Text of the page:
Binance came out of nowhere in 2017 to become the world’s biggest cryptocurrency exchange. Its explosive growth has been fueled by a strategy of avoiding the regulatory headaches that go with the conventional banking system, and focusing instead on the freewheeling world of crypto-to-crypto trading.
Now, Binance is wading into the world of government-issued money—raising the question of whether it can keep growing without getting singed by regulators. The latest sign of Binance’s new focus came last week when the company announced it would hire CipherTrace, a California-based business that helps companies and law enforcement trace suspicious cryptocurrency movements.
“This is inline with our aggressive expansion plan. We want to keep standards of anti-money laundering and compliance at a high level,” Samuel Lim, chief compliance officer at Binance, told Fortune.
Lim, whose background includes stints at global banks like Deutsche Bank and Barclays, added that Binance has already been working with other compliance firms, and that the company has long taken seriously issues like fraud and money laundering.
These efforts are likely to receive new scrutiny in coming months as Binance prepares to launch a so-called “fiat to crypto” gateway—allowing customers to trade traditional currencies for digital ones like Bitcoin—in Singapore, which will put it squarely in the grips of that country’s financial regulators.
Meanwhile, the company has also been promoting a new type of crypto fundraising known as “Initial exchange offerings.” These are a variation of initial coin offerings, which involve selling digital tokens to the general public, and were once wildly popular but fell out of favor amid regulatory disapproval. (The “exchange” variation involves Binance selecting a handful of token projects to conduct sales on the company’s “Launchpad” platform).
While Binance is confident that all of these activities are legal, others are not so sure. David Silver, a Florida-based attorney who has brought class action lawsuits against numerous cryptocurrency companies, believes Binance has been playing with fire.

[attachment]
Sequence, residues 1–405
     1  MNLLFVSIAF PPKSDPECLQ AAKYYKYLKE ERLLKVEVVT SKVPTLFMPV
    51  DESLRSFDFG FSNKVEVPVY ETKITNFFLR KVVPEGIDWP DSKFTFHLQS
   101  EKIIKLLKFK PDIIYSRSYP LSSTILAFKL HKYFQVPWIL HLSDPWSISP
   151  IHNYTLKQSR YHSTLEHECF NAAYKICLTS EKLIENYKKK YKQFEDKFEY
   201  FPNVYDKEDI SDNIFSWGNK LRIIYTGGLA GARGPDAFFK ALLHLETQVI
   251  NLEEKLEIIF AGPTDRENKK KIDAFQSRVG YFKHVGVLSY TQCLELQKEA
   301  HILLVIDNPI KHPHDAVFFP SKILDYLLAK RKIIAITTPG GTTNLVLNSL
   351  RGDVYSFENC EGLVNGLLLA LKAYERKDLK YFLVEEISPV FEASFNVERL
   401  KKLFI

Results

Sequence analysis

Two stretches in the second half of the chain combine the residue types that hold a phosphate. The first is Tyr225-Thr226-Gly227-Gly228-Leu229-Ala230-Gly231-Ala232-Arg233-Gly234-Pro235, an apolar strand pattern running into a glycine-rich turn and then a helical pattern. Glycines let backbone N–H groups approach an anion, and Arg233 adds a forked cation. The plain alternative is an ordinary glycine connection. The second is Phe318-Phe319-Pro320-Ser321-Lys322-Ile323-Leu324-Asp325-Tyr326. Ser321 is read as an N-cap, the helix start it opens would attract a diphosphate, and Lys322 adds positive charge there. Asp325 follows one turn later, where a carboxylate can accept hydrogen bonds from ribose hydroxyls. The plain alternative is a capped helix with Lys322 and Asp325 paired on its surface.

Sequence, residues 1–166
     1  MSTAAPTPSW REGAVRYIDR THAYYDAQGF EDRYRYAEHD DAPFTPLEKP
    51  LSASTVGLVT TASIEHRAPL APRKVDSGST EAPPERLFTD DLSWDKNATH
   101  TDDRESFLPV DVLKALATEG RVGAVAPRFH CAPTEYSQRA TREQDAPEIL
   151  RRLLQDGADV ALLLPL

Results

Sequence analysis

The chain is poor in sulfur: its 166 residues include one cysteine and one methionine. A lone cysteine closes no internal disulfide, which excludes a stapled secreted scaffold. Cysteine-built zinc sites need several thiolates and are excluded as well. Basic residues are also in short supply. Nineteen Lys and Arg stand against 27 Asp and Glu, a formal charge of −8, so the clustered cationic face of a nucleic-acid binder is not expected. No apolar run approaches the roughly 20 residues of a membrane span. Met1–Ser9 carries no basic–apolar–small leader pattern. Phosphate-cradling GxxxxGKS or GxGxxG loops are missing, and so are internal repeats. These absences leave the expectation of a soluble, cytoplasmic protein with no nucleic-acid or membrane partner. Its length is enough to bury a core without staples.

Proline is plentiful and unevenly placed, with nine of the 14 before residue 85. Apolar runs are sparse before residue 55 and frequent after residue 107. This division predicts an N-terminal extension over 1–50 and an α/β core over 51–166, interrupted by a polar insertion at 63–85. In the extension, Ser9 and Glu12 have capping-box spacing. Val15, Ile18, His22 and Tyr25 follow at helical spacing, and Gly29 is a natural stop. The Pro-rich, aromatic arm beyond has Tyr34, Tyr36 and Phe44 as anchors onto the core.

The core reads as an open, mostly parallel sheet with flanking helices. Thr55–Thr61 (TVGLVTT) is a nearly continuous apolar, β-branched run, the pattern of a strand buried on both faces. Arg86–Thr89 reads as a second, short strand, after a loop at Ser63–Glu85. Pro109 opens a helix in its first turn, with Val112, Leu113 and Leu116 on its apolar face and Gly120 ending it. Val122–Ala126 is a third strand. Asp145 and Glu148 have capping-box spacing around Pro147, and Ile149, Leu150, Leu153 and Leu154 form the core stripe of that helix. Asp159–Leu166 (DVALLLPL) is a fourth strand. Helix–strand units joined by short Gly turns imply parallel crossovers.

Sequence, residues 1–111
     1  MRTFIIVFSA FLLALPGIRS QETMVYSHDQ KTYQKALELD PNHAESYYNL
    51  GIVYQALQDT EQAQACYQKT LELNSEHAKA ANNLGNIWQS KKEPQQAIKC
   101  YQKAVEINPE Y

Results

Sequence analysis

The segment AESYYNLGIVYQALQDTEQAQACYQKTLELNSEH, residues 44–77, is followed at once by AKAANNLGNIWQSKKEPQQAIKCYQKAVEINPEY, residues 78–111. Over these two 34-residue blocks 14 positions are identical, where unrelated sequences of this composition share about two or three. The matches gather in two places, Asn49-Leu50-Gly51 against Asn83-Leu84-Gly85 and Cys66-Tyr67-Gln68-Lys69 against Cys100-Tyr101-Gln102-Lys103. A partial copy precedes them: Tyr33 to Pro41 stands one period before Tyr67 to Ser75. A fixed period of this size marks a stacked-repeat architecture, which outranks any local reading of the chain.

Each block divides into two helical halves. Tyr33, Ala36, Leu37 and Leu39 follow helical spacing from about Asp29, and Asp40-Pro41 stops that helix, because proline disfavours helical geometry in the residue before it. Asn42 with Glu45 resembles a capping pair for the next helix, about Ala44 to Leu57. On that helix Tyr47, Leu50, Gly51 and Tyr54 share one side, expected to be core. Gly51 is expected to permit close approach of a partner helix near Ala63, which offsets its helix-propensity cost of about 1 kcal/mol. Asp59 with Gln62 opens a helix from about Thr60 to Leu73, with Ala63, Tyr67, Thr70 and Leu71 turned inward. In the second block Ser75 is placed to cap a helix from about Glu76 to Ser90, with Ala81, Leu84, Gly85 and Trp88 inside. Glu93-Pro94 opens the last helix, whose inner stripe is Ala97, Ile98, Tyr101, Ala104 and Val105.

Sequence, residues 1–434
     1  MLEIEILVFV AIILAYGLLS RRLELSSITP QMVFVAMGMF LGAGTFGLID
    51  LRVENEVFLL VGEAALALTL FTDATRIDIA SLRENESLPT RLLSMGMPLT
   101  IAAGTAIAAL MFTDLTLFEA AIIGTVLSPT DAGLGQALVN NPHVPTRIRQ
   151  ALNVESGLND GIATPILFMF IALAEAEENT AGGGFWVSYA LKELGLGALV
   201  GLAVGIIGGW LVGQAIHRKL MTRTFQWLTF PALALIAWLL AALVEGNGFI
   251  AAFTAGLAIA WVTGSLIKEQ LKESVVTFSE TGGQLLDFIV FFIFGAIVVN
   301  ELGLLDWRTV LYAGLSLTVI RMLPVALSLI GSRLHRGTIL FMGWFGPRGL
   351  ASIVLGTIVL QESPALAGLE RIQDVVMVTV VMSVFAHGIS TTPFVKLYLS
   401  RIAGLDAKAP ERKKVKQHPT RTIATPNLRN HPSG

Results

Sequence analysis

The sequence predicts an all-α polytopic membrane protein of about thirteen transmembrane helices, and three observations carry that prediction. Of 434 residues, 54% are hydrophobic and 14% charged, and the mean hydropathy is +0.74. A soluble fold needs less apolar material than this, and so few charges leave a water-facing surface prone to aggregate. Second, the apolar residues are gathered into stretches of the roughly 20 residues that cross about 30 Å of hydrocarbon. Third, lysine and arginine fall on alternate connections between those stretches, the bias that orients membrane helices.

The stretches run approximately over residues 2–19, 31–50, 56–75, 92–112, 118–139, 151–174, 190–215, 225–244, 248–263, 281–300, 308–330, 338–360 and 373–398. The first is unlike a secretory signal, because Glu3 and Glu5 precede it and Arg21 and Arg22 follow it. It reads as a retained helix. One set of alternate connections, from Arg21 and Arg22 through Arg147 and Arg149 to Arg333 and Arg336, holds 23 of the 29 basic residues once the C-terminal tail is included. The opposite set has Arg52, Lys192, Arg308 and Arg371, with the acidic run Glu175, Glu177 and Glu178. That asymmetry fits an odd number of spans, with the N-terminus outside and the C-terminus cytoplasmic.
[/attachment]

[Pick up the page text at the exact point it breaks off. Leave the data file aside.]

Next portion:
“The crypto-to-crypto aspect helps hide what they’re doing and makes it harder for regulators to catch them. They’re going to need to legitimize because the world isn’t going to let them move massive amounts of money through countries in which they’re not regulated but have active users. That will eventually come to bite them in the ass,” said Silver.
For its part, Binance says it is has been careful to follow the law in every jurisdiction, including in the United States where regulators have targeted numerous crypto projects as illegal securities offerings. According to Lim, the company is not facing any legal trouble.
“We are not under any sort of investigation. But we work closely with legal entities and governments worldwide. They write to us all the time,” he said.
More broadly, the regulatory question could become pivotal as Binance looks to consolidate its global marketshare. As trade publication Coindesk described in an effusive profile this month, Binance’s swift moving strategy helped it take the crown from one-time front-runner Coinbase, which pursued a compliance-focused strategy, but was slow to add assets and move into new markets.
Now, the competition between the two companies—whose relations Binance CEO Changpen Zhao described to Fortune last year as very positive—is set to heat up as San Francisco-based Coinbase scrambles to catch up overseas, and as Binance becomes more mindful of compliance.
According to Lim, Binance is navigating the same sort of regulatory challenges as other fast-growing companies did before them.
“The message I hope you can put out is exchanges are trying their best,” he said. “It’s not something that happens overnight. Apple and PayPal did not get to where they are on day one. We’ve only been around two years but the investments we’ve made in compliance shows the seriousness we have to win the trust of financial institutions.”